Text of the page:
[viii] See, S. Haack, ““The Fragmentation of Philosophy, The Road to Reintegration,” Against Professional Philosophy (1 February 2016), available online at URL = < https://againstprofphil.org/2016/02/01/app-is-not-alone-4-the-fragmentation-of-philosophy-the-road-to-reintegration-ac-edu-re-post/>; and S. Haack, “Serious Philosophy,” Against Professional Philosophy (28 July 2016), available online at URL = < https://againstprofphil.org/2016/07/28/serious-philosophy-2/>.
[ix] Z, aka R. Hanna, “Collective Wisdom, Collective Stupidity, Professional Philosophy, and Open Philosophy,” Against Professional Philosophy (22 September 2016), available online at URL = <https://againstprofphil.org/2016/09/22/collective-wisdom-collective-stupidity-professional-philosophy-and-open-philosophy/>.
[x] For convenience, I cite Kant’s works infratextually in parentheses. The citations include both an abbreviation of the English title and the corresponding volume and page numbers in the standard “Akademie” edition of Kant’s works: Kants gesammelte Schriften, edited by the Königlich Preussischen (now Deutschen) Akademie der Wissenschaften (Berlin: G. Reimer [now de Gruyter], 1902-). For references to the first Critique, I follow the common practice of giving page numbers from the A (1781) and B (1787) German editions only. I generally follow the standard English translations of Kant’s works, but have occasionally modified them where appropriate. Here is a list of the abbreviations and English translations.
CPR Critique of Pure Reason. Trans. P. Guyer and A. Wood. Cambridge: Cambridge Univ. Press, 1997.
MM Metaphysics of Morals. Trans. M. Gregor. In Immanuel Kant: Practical Philosophy. Cambridge: Cambridge Univ. Press, 1996, pp. 365–604.
PP “Toward Perpetual Peace.” Trans. M. Gregor. In Immanuel Kant: Practical Philosophy, pp. 317–351.
WiE “An Answer to the Question: What is Enlightenment?” In Immanuel Kant: Practical Philosophy, pp. 17–22.
[xi] M. Weber, “The Profession and Vocation of Politics,” in P. Lassman and R. Spiers (eds.), Weber: Political Writings. Cambridge: Cambridge Univ. Press: 1994), pp. 309–369, at p. 310.
[xii] Matthew 22:20–22, King James Bible.
[xiii] See R. Hanna, “Radical Enlightenment: Existential Kantian Cosmopolitan Anarchism, With a Concluding Quasi-Federalist Postscipt,” in D. Heidemann and K. Stoppenbrink (eds.), Join, Or Die: Philosophical Foundations of Federalism (Berlin: De Gruyter, 2016), pp. 63–90, available online at URL = <https://www.academia.edu/6994230/Radical_Enlightenment_Existential_Kantian_Cosmopolitan_Anarchism_With_a_Concluding_Quasi-Federalist_Postscript>.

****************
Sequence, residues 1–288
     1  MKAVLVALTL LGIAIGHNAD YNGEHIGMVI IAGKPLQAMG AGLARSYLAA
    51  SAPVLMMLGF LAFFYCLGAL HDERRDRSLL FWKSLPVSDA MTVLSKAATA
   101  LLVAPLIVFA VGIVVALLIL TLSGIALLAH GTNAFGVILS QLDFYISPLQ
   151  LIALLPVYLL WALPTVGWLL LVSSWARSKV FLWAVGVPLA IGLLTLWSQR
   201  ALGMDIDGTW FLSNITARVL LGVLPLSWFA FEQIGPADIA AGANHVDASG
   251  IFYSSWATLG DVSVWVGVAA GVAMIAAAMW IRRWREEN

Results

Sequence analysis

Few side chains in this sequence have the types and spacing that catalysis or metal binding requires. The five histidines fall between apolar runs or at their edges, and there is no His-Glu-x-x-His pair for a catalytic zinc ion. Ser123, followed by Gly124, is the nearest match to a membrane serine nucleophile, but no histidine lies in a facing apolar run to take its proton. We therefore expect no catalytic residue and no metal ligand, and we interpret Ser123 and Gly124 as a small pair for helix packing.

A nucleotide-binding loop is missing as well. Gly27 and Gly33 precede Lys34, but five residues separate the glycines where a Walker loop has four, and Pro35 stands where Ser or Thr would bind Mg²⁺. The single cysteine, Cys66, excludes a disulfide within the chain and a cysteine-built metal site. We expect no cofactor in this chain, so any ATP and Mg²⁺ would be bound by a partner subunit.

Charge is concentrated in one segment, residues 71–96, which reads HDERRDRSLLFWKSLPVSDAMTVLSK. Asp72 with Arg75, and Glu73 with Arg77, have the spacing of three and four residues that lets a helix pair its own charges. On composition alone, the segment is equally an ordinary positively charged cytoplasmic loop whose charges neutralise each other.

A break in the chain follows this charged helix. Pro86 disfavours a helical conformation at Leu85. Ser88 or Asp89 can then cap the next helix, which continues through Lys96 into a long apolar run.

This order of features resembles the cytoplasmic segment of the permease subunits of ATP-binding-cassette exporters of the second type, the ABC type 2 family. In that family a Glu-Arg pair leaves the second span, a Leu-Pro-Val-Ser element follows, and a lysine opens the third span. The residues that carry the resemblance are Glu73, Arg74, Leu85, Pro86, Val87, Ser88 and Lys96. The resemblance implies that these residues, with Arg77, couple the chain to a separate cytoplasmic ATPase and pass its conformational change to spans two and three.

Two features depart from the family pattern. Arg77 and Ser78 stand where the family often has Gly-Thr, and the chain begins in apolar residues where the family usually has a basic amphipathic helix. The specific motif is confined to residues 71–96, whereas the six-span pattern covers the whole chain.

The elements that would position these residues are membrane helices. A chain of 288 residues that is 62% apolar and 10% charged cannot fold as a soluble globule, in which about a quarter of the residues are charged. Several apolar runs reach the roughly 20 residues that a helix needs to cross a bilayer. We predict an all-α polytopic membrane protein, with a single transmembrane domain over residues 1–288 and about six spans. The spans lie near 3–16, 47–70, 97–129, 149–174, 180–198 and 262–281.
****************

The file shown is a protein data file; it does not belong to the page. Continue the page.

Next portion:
[xiv] T. Adorno and M. Horkheimer, Dialectic of Enlightenment, trans. E. Jephcott (Stanford, CA: Stanford Univ. Press, 2002).
[xv] See R. Hanna, Deep Freedom and Real Persons: A Study in Metaphysics (THE RATIONAL HUMAN CONDITION, Vol. 2) (New York: Nova Science: 2018), also available online in preview at URL = <https://www.academia.edu/35801857/The_Rational_Human_Condition_2_Deep_Freedom_and_Real_Persons_A_Study_in_Metaphysics_Nova_Science_2018_>.
[xvi] See also, e.g., S. Crowell (ed.), The Cambridge Companion to Existentialism (Cambridge: Cambridge Univ. Press, 2012). For an extended response to the classical “formalism,” “rigorism,” and “universalism” worries about Kant’s ethics, see R. Hanna, Hanna, R. (2018b) Kantian Ethics and Human Existence: A Study in Moral Philosophy (THE RATIONAL HUMAN CONDITION, Vol. 3) (New York: Nova Science, 2018), also available online in preview at URL = <https://www.academia.edu/36359647/The_Rational_Human_Condition_3_Kantian_Ethics_and_Human_Existence_A_Study_in_Moral_Philosophy_Nova_Science_2018_>, ch. 2.
[xvii] By “real person,” I mean an essentially embodied person, or a rational minded animal, as opposed to either disembodied persons (for example, souls) or collective persons (e.g., business corporations). On essential embodiment, see, e.g., R. Hanna and M. Maiese, Embodied Minds in Action (Oxford: Oxford Univ. Press, 2009). And for a general theory of real personhood, see Hanna, Deep Freedom and Real Persons, chs. 6–7.
[xviii] See, e.g., P. Kleingeld and E. Brown, “Cosmopolitanism,” The Stanford Encyclopedia of Philosophy (Fall 2013 Edition), ed. E. N. Zalta, available online at URL = <http://plato.stanford.edu/archives/fall2013/entries/cosmopolitanism/>.
[xix] K.A. Appiah, Cosmopolitanism: Ethics in a World of Strangers (New York: W.W. Norton & Company, 2006), p. xiv.
[xx] See, e.g., R. Hanna, Kant, Agnosticism, and Anarchism: A Theological-Political Treatise (THE RATIONAL HUMAN CONDITION, vol. 4) (New York: Nova Science, 2018), also available online in preview at URL = <https://www.academia.edu/36359665/The_Rational_Human_Condition_4_Kant_Agnosticism_and_Anarchism_A_Theological-Political_Treatise_Nova_Science_2018_>; P. Kropotkin, “Anarchism,” first published in the Encyclopedia Britannica, 1910, available online at URL = <http://www.marxists.org/reference/archive/kropotkin-peter/1910/britannica.htm>; M. Bookchin, Post-Scarcity Anarchism (2nd edn., Montreal, CA: Black Rose Books, 1986), available online at URL = <https://libcom.org/files/Post-Scarcity%20Anarchism%20-%20Murray%20Bookchin.pdf>; and M. Bookchin, Social Anarchism or Lifestyle Anarchism, available online at URL = <http://dwardmac.pitzer.edu/Anarchist_Archives/bookchin/soclife.html>.
[xxi] See R. Hanna and O. Paans, “On the Permissible Use of Force in a Kantian Dignitarian Moral and Political Setting, Or, Seven Kantian Samurai,” Journal of Philosophical Investigations 13 (2019): 75–93, available online at URL = <https://philosophy.tabrizu.ac.ir/article_9431.html>.
[xxii] I’m grateful to my father, Alan Hanna, for suggesting that I write an essay on this issue.
AGAINST PROFESSIONAL PHILOSOPHY REDUX 408
Mr Nemo, W, X, Y, & Z, Tuesday 31 March 2020